I heard grunting from the kitchen and knew what it meant. My son Alex was trying hard to make his own breakfast but was locked in a battle with his arch nemesis, the butter knife.
To him, spreading jam on his toast is just another in a long line of seemingly impossible demands on a body that he finds hard to communicate with and control. It doesn’t help that he’s had a phobia of knives since a disastrous earlier attempt at teaching himself how to cut.
But today another phobia was proving even more problematic… his fear of trying.
From an early age we’re taught that if you just work hard enough you can achieve anything you want. That effort breeds success, and therefore failure comes from not trying. If you don’t try you can’t succeed, gotta be in it to win it, the sky’s the limit, reap what you sow!
But what if you try SO. HARD. every single day and success is still elusive? What if the definition for that success has been set by and for people whose bodies work differently to yours?
Because let me tell you, this kid tries. Every day he struggles at things that most people take for granted, trying to make his body do what he wants it to do and make himself fit into a world that’s built to suit other people. But we don’t tend to reward people for that kind of effort, the kind that doesn’t measure up to our definitions of success, and so inevitably he spends much of the time feeling like a failure.
And when you do that long enough, well, eventually you just stop trying. You might even become afraid to try, and this is where Alex was at. It had become scary for him, such a negative experience (even painful at times) that as soon as he was asked to try the anxiety set in and quickly became overwhelming for him.
Unfortunately, on the outside this fear looked a whole lot like a bunch of other things – laziness, stubbornness, non-compliance. He would do anything to avoid what he saw as inevitable failure, and that was getting him into a lot of trouble at school… which of course piled on more of the bad stuff and made trying seem even less like something he should want to do.
He was constantly being asked to “try harder”, which of course made no sense to him because he’d been there, he’d tried really really REALLY hard and still failed. But since most people aren’t aware of how hard he tries, of the amount of effort required of him on a daily basis, these efforts had gone largely unnoticed to everyone except him.
It takes a lot of courage to keep trying when it hurts, to persist in the face of failure, and yet it’s rarely even acknowledged let alone admired. We’re so fixated on goals that we only reward success at the end. We never acknowledge what an enormous feat of courage it can be to pick up a pencil and try to write your name when it literally hurts your hand to do so. We don’t measure how brave it is to try reading a single word aloud, or the dozens of coordinated actions it takes to make that first loop in your shoelace.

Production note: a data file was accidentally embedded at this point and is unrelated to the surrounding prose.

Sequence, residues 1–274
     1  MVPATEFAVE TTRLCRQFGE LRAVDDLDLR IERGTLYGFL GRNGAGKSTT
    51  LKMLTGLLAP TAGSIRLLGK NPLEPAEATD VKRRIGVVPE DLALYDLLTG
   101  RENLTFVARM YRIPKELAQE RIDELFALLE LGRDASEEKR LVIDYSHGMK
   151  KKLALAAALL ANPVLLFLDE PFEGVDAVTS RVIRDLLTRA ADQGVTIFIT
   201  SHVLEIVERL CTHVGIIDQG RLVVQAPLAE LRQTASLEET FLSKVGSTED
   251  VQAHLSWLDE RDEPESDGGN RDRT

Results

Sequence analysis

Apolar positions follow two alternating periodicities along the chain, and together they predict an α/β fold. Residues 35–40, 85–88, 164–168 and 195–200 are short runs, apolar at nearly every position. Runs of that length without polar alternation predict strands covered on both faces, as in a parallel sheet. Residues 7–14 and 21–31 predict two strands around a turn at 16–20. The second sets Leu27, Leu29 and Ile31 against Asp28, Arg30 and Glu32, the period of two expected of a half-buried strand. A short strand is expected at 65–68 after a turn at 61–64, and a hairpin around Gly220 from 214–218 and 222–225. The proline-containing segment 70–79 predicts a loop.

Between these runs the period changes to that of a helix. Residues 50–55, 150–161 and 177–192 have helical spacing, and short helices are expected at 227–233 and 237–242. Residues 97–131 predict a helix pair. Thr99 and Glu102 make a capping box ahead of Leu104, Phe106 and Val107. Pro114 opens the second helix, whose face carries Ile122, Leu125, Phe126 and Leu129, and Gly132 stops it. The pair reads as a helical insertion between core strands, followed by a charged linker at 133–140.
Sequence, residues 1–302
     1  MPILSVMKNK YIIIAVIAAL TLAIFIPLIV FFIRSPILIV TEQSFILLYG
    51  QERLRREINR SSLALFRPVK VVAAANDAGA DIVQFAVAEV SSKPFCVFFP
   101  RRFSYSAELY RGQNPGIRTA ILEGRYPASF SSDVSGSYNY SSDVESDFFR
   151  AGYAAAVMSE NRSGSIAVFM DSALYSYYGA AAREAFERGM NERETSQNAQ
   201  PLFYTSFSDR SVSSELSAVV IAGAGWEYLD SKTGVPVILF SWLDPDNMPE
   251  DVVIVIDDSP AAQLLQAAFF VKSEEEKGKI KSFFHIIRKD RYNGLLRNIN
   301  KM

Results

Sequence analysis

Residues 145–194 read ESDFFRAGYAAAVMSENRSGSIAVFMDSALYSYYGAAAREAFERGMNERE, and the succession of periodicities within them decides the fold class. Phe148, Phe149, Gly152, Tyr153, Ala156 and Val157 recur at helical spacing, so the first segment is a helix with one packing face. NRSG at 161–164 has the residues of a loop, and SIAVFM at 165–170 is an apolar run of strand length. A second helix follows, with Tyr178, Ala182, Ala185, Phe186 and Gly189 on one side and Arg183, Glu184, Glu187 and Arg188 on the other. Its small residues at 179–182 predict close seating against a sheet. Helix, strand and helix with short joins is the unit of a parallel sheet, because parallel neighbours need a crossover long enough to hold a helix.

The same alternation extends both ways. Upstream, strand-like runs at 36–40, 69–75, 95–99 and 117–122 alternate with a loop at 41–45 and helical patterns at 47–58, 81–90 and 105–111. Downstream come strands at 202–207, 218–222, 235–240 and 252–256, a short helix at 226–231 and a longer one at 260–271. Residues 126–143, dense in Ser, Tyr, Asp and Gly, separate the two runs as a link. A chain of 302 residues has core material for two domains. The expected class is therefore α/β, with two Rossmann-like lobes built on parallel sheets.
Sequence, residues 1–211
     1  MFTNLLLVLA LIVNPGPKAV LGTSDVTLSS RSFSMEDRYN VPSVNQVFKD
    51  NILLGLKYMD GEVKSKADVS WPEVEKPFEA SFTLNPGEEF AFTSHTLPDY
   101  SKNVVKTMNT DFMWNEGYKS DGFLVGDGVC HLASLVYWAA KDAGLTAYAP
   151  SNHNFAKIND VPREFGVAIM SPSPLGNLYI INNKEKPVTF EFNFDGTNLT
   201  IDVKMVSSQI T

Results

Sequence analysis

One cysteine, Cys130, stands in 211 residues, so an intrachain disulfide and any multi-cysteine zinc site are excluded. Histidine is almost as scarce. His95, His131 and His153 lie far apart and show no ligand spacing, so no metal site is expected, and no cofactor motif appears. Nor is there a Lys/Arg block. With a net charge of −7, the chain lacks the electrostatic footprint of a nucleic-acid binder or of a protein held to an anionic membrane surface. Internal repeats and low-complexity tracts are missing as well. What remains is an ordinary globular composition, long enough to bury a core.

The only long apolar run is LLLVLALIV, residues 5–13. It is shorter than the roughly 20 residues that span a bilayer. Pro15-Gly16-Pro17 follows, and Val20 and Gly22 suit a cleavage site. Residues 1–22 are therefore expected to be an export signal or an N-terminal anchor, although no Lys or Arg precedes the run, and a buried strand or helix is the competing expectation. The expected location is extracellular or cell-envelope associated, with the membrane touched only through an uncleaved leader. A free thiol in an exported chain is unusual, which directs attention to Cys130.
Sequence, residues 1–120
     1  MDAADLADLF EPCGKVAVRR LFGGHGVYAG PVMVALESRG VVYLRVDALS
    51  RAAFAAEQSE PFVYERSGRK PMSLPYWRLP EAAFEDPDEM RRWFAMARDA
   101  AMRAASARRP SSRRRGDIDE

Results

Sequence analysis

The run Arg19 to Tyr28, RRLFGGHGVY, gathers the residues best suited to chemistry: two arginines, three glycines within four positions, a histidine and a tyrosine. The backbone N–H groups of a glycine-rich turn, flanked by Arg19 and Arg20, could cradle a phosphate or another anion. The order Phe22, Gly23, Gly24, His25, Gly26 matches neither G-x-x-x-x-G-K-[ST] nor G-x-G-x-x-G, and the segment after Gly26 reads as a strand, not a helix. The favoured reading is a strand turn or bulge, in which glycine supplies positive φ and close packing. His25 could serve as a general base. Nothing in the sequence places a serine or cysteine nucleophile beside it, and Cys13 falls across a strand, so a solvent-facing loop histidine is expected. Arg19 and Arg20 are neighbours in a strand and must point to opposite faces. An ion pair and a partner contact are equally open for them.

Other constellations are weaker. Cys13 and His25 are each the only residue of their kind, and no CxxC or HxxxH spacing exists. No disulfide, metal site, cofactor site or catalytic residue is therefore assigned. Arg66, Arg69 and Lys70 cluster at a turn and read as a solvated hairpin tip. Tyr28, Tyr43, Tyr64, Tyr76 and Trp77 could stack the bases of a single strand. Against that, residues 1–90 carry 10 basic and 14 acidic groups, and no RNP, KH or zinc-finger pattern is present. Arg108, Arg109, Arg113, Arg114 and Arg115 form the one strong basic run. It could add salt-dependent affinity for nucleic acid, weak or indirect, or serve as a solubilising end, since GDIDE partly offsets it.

Instead, we brand kids as lazy, unmotivated or non-compliant when we should be asking ‘Have they had enough chances to experience success?’ And not just the sticker-on-a-chart type of success, but opportunities where the trying is a positive experience in itself. To be inspired to work towards and reach goals that are relevant and meaningful to them, and to know what achievement feels like.
With Alex, the focus right now is on reducing his anxiety about failure. This requires two things: helping him find the courage to keep trying, and setting him up for success without setting the bar too low. It can be tricky sometimes to find that sweet spot that lies between too-easy and too-hard, where things are challenging and stimulating but not boring or overwhelming.
Back to breakfast. We started with lots of practice just holding a butter knife, letting him have fun waving it back and forth like a flag or a symphony conductor while he watched me spread the toast. After a while we eased into using that same motion to have a go at spreading soft and easy things like Nutella. He was cautious at first, quick to abandon the knife at the first sign of trouble. But we kept going, little by little taking small steps, until finally his big moment came.
And as he took that victorious bite into his first piece of self-buttered toast, he uttered my favourite Alex quote of all time.
“Mmm. Tastes like achievement.”
About the Author
Bec Oakley is a special needs advocate, writer, blogger, and a parent of two boys with autism in Australia. Autism is part of what makes her and her kids who they are, so she’s passionate about helping people understand what it’s all about. Check out her excellent blog, Snagglebox.com.